Inevitably, these players will improve, some of them enough to become the multi-slam winners of tomorrow. Over the last eighteen months, Zverev, Shapovalov and Tsitsipas have separated themselves from their peers by making huge strides at Masters level and reaching the fourth round or better at one (or in Zverev’s case, two) of the four Grand Slams. It doesn’t augur well for the tour’s imminently approaching Big Four-less future—which is the real issue at hand—that the best players of succeeding generations will likely have to wait out a few more years—and the handful of highly visible retirements that will coincide with them—before cementing their place at the top of the men’s game for good. A plethora of newly minted additions to the season’s calendar could temporarily compensate for the noticeable dearth in all-time great young talent, though it’s up for debate how long its appeal will last when the youngsters are left to carry the sport. It is the quality of elite players, above all else, that sells tennis, not the tournament format under which these players compete.

The next question that naturally arises is of what might be next on the chopping block after the Davis Cup’s traditional format has been laid to rest. Following a Wimbledon semi-final between a pair of gangly ace machines that made for uncommonly laborious viewing, there developed a wide-reaching consensus that Grand Slam tournaments which don’t enforce a policy of fifth-set tiebreaks are horribly outmoded. Wimbledon, as the only major played on a surface that can render monster serving the currency for success, bore the brunt of the demands to send marathon fifth sets the way of the dodo.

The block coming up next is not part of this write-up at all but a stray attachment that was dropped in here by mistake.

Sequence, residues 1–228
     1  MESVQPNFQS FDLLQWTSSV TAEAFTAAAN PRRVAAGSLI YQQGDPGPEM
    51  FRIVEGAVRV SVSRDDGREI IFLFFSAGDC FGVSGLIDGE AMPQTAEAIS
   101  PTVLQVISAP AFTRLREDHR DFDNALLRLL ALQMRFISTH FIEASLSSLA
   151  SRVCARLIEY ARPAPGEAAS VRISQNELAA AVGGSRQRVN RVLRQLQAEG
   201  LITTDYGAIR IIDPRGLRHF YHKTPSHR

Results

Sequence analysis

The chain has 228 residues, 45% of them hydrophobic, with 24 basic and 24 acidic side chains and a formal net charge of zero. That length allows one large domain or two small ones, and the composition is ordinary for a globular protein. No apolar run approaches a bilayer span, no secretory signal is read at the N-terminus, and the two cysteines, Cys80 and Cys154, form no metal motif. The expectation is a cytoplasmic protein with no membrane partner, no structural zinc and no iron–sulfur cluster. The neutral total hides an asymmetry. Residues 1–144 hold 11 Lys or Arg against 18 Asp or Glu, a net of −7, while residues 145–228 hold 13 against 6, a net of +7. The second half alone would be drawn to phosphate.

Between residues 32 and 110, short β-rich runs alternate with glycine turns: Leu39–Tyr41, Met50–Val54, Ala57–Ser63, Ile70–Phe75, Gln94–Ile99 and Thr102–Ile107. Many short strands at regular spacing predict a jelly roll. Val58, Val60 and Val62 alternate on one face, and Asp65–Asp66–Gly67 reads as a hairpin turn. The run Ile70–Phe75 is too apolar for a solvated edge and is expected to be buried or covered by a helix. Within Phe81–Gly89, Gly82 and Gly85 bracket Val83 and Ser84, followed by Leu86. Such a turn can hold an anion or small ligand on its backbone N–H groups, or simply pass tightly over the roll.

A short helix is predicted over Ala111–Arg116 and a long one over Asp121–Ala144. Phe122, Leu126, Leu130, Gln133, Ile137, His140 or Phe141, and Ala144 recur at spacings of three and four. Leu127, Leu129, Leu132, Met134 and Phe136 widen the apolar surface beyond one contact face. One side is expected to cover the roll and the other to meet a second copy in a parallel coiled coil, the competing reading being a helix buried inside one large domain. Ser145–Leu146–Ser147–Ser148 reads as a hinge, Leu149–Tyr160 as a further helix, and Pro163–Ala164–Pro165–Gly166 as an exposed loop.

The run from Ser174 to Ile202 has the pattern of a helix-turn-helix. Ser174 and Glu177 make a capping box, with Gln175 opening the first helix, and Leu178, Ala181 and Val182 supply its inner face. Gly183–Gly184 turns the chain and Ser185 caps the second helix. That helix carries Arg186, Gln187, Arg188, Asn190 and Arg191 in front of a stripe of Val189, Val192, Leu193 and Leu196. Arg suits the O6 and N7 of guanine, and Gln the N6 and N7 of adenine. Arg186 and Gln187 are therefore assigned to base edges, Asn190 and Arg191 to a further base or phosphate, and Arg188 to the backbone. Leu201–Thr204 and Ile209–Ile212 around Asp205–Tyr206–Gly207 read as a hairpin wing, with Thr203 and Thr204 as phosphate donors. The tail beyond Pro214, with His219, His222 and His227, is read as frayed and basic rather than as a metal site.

That might not even be necessary if best-of-five set tennis is done away with completely, an idea which has been floated by a certain Serb and his Scottish rival. With the erasure of best-of-five from the Davis Cup, it doesn’t take a leap of logic to conceive of Grand Slams being denuded in the same manner. There is certainly nothing to suggest that the slams are too sacred to be tampered with; in 2019, the number of seeds in the main draw of each will be reduced to the pre-2001 number of 16, and the shot clock (which Djokovic is palpably less enamoured of) will feature at the 2018 US Open. If the best-of-five set format one day passes into obsolescence, the genealogy of such a development would be easily traceable to the equivalent transformation made this year to the Davis Cup.

Overall, it’s both saddening and disconcerting to see the Davis Cup removed so abruptly from the traditions in which it was steeped, and ultimately the worse implications of such sweeping reform will redound on the sport at large. Men’s tennis will suffer immensely when four of its bestriding greats retire, but it will be damaged even more as it is torn progressively further from its roots. The demise of the Davis Cup in its true form is symptomatic of the uncertain period ahead for men’s tennis, in which gratuitous experimentation will be the norm, and tradition a foreign concept.